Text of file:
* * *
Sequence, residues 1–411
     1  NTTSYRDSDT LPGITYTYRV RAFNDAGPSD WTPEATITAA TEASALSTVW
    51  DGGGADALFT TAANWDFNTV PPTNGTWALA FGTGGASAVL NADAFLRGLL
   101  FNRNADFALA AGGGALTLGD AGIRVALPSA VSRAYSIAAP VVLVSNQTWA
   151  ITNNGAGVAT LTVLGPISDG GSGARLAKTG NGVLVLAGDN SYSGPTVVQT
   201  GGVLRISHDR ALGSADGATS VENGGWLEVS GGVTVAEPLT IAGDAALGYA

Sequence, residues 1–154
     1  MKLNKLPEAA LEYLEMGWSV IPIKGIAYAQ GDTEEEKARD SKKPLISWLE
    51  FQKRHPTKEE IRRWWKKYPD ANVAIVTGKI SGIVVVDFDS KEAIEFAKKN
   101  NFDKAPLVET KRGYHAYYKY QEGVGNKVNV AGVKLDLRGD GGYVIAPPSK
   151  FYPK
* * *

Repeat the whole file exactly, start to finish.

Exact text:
Sequence, residues 1–411
     1  NTTSYRDSDT LPGITYTYRV RAFNDAGPSD WTPEATITAA TEASALSTVW
    51  DGGGADALFT TAANWDFNTV PPTNGTWALA FGTGGASAVL NADAFLRGLL
   101  FNRNADFALA AGGGALTLGD AGIRVALPSA VSRAYSIAAP VVLVSNQTWA
   151  ITNNGAGVAT LTVLGPISDG GSGARLAKTG NGVLVLAGDN SYSGPTVVQT
   201  GGVLRISHDR ALGSADGATS VENGGWLEVS GGVTVAEPLT IAGDAALGYA

Sequence, residues 1–154
     1  MKLNKLPEAA LEYLEMGWSV IPIKGIAYAQ GDTEEEKARD SKKPLISWLE
    51  FQKRHPTKEE IRRWWKKYPD ANVAIVTGKI SGIVVVDFDS KEAIEFAKKN
   101  NFDKAPLVET KRGYHAYYKY QEGVGNKVNV AGVKLDLRGD GGYVIAPPSK
   151  FYPK